This page provides information about constipation in children over 6 months old.
For information on babies up to 6 months see constipation in babies (0 to 6 months)
Constipation is when your child has a hard bowel movement, and it is difficult for them to poo.
Normal bowel movements should be bulky and soft. For some children, normal means doing a poo once a day or every second day.
Constipation is common and it affects children of all ages.
Check if it’s constipation
It may be constipation if your child:
- lacks energy
- is irritable, angry or unhappy
- soils their clothes
- has poo like 'rabbit droppings' or little pellets
- strains or has pain when they poo
- bleeds during or after having a poo, because their poo is large and hard
- has stomach pain that improves after they poo
If you are breastfeeding your baby, they may go a week without having a poo.
How to treat your child’s constipation
If you think your child may be constipated, take them to your GP. The treatment for constipation depends on your child's age.
The longer your child is constipated, the more difficult it can be for them to get back to normal. Make sure you get help early.
Diet, lifestyle changes and laxatives are often recommended for children who are eating solid foods.
It may take several months for the treatments to work, but keep trying until they do.
Laxative treatment may make your child's overflow soiling worse before it gets better.
When our child's constipation has been treated, it's important to stop it coming back. Your GP may recommend your child keeps taking laxatives for a while to make sure their poo stays soft enough to push out regularly.
Treating constipation with soiling (children pooing their pants)
Being constipated and soiling their clothes is not something your child does on purpose. There's no reason to get cross with them.
You may both find the situation stressful. Try to stay calm and relaxed. This will help your child deal with the problem.
Make changes to your child's diet
Give your baby extra water between their normal feeds if they haven't started to eat solid food yet. If you're using formula milk, do not add more water to the mixture.
Try gently moving your baby's legs in a bicycling motion or carefully massaging their tummy to help stimulate their bowels.
Give older children plenty of fluids and encourage them to eat fruit. Chop, blend or mash the food if it's easier for them to eat. The best fruits for constipation include apples, grapes, pears and strawberries.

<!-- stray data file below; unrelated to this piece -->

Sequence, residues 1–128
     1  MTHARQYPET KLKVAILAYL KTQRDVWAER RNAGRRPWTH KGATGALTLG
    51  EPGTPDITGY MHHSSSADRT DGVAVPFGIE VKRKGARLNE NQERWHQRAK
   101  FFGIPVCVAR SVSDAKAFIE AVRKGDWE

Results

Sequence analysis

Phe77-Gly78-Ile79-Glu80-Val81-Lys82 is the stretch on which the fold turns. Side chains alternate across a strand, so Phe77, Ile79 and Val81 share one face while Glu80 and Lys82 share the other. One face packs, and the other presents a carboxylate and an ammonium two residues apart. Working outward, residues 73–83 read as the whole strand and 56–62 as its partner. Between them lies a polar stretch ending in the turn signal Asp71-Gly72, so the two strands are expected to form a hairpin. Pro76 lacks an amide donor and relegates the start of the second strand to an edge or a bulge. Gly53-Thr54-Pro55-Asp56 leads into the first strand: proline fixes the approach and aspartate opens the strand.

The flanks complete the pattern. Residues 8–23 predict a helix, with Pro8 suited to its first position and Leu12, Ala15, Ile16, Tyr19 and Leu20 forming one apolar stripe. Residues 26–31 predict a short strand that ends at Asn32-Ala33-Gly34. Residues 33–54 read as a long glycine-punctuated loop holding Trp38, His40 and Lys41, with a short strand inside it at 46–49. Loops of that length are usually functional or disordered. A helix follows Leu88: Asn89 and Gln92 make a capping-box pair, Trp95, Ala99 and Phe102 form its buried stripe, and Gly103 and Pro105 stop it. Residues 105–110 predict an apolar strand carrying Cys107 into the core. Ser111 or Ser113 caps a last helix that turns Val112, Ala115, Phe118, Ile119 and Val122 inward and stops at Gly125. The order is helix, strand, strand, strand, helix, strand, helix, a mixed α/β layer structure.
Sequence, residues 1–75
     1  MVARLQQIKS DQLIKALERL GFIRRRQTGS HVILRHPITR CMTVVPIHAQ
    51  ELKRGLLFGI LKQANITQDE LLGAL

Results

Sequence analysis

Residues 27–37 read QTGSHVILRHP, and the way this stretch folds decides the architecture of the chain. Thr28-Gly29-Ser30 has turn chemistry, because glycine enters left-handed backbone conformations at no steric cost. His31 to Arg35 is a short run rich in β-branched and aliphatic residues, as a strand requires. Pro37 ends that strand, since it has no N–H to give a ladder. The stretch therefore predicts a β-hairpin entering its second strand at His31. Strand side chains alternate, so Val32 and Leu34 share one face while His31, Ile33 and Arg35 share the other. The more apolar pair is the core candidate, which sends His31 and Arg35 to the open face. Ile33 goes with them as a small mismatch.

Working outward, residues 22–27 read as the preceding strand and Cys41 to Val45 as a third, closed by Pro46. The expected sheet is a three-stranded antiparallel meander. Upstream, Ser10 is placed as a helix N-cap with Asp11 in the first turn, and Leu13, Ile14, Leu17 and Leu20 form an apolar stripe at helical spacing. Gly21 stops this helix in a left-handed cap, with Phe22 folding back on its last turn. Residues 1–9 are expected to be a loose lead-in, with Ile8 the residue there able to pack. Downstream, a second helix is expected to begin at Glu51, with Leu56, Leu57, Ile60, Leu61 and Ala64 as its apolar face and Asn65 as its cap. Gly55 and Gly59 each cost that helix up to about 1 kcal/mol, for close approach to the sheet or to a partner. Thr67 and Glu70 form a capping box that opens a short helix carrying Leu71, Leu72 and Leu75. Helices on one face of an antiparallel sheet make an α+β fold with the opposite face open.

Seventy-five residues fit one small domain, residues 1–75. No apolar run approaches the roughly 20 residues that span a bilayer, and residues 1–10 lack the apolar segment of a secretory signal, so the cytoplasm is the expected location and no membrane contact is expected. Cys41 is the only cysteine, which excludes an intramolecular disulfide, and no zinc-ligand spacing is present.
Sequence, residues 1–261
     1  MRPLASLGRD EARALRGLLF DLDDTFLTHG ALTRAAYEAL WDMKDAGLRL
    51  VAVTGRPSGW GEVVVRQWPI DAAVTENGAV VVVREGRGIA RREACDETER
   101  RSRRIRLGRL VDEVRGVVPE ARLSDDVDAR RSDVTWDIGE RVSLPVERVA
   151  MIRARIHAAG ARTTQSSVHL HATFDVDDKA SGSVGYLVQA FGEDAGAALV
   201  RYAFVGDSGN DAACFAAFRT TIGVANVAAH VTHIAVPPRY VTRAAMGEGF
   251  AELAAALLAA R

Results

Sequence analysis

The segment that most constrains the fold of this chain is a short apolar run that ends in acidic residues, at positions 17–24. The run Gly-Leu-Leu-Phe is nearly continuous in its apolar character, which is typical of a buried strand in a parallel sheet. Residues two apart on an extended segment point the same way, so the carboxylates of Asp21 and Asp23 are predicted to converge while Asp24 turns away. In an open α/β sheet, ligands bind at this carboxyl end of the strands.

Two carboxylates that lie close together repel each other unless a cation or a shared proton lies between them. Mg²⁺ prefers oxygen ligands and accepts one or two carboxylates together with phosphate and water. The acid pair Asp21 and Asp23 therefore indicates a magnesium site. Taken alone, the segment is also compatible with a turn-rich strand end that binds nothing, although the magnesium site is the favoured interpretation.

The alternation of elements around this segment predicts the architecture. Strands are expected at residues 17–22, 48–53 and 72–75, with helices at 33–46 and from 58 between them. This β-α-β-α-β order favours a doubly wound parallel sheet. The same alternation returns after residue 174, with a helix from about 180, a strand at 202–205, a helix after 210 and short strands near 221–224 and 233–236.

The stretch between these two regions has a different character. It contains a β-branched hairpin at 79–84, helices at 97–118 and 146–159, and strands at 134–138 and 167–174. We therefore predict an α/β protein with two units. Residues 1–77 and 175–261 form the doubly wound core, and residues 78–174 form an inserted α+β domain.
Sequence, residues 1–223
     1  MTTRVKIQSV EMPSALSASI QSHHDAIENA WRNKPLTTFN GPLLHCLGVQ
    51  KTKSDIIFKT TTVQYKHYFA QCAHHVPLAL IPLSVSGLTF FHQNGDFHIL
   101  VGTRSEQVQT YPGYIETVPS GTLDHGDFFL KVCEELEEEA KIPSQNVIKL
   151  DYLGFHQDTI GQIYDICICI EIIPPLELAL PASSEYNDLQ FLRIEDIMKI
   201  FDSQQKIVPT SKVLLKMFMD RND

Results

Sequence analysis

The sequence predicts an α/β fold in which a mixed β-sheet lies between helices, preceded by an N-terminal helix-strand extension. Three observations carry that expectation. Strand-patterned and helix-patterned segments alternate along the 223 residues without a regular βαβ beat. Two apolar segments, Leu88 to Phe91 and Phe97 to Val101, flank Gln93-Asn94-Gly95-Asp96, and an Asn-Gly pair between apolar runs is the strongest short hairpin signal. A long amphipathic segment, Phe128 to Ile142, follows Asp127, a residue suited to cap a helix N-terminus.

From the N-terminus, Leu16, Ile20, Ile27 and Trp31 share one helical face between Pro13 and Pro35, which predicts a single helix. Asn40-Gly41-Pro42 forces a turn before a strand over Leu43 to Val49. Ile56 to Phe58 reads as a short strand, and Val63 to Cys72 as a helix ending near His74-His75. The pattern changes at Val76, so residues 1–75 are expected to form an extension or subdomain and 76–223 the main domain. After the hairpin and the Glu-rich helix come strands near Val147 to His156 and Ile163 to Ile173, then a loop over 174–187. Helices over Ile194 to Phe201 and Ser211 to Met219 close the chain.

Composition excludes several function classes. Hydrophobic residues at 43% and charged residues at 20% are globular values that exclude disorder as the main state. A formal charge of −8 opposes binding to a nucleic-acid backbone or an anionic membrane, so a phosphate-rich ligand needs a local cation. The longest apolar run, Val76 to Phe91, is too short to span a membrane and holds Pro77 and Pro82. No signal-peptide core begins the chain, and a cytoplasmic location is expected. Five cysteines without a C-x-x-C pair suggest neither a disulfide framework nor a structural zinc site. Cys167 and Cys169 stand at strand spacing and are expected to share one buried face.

Other high-fibre foods which can help constipation include:
- whole grain breakfast cereals, bread, pasta and rice
- baked beans
Do not force your child to eat as this can make mealtimes stressful.
Encourage your child to be active. This will help to treat the constipation. It is also important for your child's general health, growth and development.
Children under the age of 5 who can walk on their own should be physically active for at least an hour each day.
You might find it useful to encourage your child into a regular bowel pattern. You can do this by using 'bowel training'.
Ask your child to sit on the toilet 4 times a day for 5 minutes, even if nothing happens. You could try this after breakfast, after school, after dinner and before bed. Put a footstool under your child's feet so they are not dangling.
Some parents find star charts helpful.
Make a chart for the days of the week and give your child a star for:
- sitting on the toilet
- pooing in the toilet
- taking their laxatives
- washing their hands
Agree with your child a goal number of stars to get. Consider giving them a small reward when they reach their goal.
Causes of constipation in children
Constipation usually happens when your child:
- first starts taking formula or processed foods as a baby
- is being potty trained as a toddler
- has just started school
The most common causes include:
- not eating enough fibre – such as fruit, vegetables and cereals
- not drinking enough fluids
- overfeeding – including giving babies too much milk
- fear or anxiety about using the toilet – at home or at school
- poor potty training – such as feeling pressured or being regularly interrupted
In much rarer cases, constipation in children may be caused by a medical condition.